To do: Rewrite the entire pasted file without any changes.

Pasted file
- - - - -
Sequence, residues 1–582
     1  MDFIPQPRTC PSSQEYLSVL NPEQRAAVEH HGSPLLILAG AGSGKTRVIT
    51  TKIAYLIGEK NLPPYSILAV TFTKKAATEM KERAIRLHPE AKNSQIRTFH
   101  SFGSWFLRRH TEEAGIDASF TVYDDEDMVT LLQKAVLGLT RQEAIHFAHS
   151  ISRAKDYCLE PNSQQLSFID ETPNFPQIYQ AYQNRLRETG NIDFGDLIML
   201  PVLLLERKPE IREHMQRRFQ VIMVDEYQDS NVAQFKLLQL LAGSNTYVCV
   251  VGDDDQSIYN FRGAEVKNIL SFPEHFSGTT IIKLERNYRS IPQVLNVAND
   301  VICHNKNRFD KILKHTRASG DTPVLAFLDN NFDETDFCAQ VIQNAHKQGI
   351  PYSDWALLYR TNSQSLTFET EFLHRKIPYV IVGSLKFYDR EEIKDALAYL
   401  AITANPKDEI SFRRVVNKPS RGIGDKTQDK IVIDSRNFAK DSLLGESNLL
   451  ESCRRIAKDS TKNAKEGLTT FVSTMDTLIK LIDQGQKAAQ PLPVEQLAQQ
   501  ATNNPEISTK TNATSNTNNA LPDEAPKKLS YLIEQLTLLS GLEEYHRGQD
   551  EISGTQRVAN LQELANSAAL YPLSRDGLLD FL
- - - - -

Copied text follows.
Sequence, residues 1–582
     1  MDFIPQPRTC PSSQEYLSVL NPEQRAAVEH HGSPLLILAG AGSGKTRVIT
    51  TKIAYLIGEK NLPPYSILAV TFTKKAATEM KERAIRLHPE AKNSQIRTFH
   101  SFGSWFLRRH TEEAGIDASF TVYDDEDMVT LLQKAVLGLT RQEAIHFAHS
   151  ISRAKDYCLE PNSQQLSFID ETPNFPQIYQ AYQNRLRETG NIDFGDLIML
   201  PVLLLERKPE IREHMQRRFQ VIMVDEYQDS NVAQFKLLQL LAGSNTYVCV
   251  VGDDDQSIYN FRGAEVKNIL SFPEHFSGTT IIKLERNYRS IPQVLNVAND
   301  VICHNKNRFD KILKHTRASG DTPVLAFLDN NFDETDFCAQ VIQNAHKQGI
   351  PYSDWALLYR TNSQSLTFET EFLHRKIPYV IVGSLKFYDR EEIKDALAYL
   401  AITANPKDEI SFRRVVNKPS RGIGDKTQDK IVIDSRNFAK DSLLGESNLL
   451  ESCRRIAKDS TKNAKEGLTT FVSTMDTLIK LIDQGQKAAQ PLPVEQLAQQ
   501  ATNNPEISTK TNATSNTNNA LPDEAPKKLS YLIEQLTLLS GLEEYHRGQD
   551  EISGTQRVAN LQELANSAAL YPLSRDGLLD FL